Aging is an intricate and multifactorial process characterized by increased risk of adverse health outcomes. It is accompanied by the loss of cellular homeostasis that leads to degeneration of multiple organ systems. A better understanding of aging, with the aim of halting this process and preventing or even treating the related pathologies is of healthcare priority.

Alterations of the redox homeostasis, characterized by the imbalance of redox couples (NADH/NAD, NADPH/NADP, GSH/GSSG, cysteine/cystine) and altered production of redox signaling molecules (e.g. nitric oxide), are crucially involved in aging (redox theory of aging) as they participate in several physiological processes such as cell differentiation, detoxification, antioxidant defense, control of metabolic homeostasis and immune system.

Mitochondria are at the center of several pathways in cell homeostasis due to their key function in bioenergetics, metabolism, generation of reactive oxygen species, apoptosis, and signal transduction. For several years, a central role in aging has principally been ascribed to mitochondria, as a decline in mitochondrial activity and quality occurs during aging in a time-dependent manner and correlates with accumulation of oxidatively damaged molecules (lipids, DNA, proteins) and the development of a wide range of age-related pathologies (e.g. neurodegenerative diseases, cancer, diabetes, NAFLD).

Findings from animal and cellular models in conjunction with high-throughput experimental tools have advanced our understanding of pathways underlying the aging process that are not exclusively linked to mitochondrial dysfunction and oxidative stress, highlighting possible new interventional targets.
A plethora of interconnected signaling pathways that decline during aging has now emerged. All these pathways counteract environmental insults (exposome) by assuring metabolic flexibility, organelles quality control (e.g. autophagy, unfolded protein response), DNA and protein repair allowing healthy aging to succeeds. Associated with aging is diminished insulin sensitivity and impaired glucose and lipid metabolism that leads to a dysregulation of metabolic homeostasis usually manifested as age-related obesity and diabetes (i.e. type 2 diabetes). Insulin/IGF-1 signaling and the mechanistic Target Of Rapamycin (mTOR) pathways are up-regulated in aging and their inhibition is associated with prolonged lifespan and health span in a number of model organisms.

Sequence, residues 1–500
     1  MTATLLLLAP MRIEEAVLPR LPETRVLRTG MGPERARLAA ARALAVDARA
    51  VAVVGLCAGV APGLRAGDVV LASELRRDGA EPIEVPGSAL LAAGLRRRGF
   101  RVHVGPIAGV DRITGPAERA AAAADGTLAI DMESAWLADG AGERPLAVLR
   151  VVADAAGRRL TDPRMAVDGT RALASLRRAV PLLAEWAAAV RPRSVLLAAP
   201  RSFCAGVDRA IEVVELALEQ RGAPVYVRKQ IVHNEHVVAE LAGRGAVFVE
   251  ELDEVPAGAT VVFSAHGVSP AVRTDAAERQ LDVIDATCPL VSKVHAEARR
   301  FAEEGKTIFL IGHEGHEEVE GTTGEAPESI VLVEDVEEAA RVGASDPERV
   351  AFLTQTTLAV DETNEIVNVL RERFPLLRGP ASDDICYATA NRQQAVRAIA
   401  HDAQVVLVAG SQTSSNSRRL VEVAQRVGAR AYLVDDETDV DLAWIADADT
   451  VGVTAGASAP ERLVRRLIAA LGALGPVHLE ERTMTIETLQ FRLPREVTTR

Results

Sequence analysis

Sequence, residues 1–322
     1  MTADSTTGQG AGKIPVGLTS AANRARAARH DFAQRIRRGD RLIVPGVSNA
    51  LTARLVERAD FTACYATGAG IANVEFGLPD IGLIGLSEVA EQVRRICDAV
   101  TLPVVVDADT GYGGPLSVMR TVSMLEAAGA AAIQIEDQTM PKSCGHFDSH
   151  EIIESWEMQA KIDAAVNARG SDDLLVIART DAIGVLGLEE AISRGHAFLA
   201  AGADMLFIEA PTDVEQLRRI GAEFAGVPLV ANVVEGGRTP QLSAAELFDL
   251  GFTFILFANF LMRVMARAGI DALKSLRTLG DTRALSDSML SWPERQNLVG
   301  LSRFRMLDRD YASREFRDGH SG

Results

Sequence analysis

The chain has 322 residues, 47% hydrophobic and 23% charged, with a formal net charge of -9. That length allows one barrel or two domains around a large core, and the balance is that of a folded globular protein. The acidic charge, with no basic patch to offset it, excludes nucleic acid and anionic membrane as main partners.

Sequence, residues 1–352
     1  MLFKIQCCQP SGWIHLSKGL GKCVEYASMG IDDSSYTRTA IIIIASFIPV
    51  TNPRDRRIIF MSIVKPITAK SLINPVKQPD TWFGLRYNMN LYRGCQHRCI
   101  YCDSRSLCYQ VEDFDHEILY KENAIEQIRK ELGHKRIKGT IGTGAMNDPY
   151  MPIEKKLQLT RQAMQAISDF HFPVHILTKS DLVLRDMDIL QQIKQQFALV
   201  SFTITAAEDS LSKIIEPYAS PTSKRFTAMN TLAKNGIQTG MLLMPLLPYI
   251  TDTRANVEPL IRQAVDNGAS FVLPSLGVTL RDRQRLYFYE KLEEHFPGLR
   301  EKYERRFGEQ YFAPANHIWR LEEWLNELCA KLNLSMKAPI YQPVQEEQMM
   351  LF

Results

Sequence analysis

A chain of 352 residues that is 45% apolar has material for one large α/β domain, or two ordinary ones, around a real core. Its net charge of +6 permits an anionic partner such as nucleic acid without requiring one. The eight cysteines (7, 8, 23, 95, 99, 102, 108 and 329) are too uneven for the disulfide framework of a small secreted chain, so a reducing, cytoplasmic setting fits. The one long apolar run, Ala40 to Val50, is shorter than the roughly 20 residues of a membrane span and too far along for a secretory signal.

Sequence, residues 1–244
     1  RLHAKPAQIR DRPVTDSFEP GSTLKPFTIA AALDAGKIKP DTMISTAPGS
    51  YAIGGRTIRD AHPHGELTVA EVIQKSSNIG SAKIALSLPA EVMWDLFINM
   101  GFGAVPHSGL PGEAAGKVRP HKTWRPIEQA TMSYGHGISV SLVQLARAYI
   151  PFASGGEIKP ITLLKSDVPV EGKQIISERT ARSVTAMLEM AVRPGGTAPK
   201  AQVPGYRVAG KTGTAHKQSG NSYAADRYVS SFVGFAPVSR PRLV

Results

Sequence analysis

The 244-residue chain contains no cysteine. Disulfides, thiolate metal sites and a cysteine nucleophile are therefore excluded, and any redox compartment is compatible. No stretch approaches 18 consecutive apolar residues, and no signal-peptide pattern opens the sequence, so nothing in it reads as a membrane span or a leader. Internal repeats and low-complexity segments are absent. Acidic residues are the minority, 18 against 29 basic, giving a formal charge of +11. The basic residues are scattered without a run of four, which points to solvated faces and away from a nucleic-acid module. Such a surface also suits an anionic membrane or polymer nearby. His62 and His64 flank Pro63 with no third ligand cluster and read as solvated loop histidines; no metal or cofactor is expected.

The aging tissue/cell is also characterized by a profound remodeling of the transcriptome profile also due to significant epigenetic modifications. microRNAs are novel regulators of gene expression known to modulate cell development and homeostasis. Expression of numerous microRNAs is altered with age. Since a single microRNA can simultaneously affect multiple signaling pathways, changes in miRNAs expression occurring during aging lead to severe pathophysiological consequences.

In this Research Topic we intend to describe novel metabolic pathways also involving mitochondria that play a significant role in committing aging or prolong health span. We also encourage the submission of papers that suggest innovative strategies as well as model systems to identify possible genetic modifiers to retard aging and prevent the development of age-related metabolic diseases.


Keywords: Mitochondrion, Environmental stress, Immune Metabolism, Cell Signalling, Epigenetics


Important Note: All contributions to this Research Topic must be within the scope of the section and journal to which they are submitted, as defined in their mission statements. Frontiers reserves the right to guide an out-of-scope manuscript to a more suitable section or journal at any stage of peer review.

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Submission Deadlines

29 January 2021 Abstract
29 April 2021 Manuscript

Participating Journals

Manuscripts can be submitted to this Research Topic via the following journals:

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Topic Editors

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Submission Deadlines

29 January 2021 Abstract
29 April 2021 Manuscript

Participating Journals

Manuscripts can be submitted to this Research Topic via the following journals: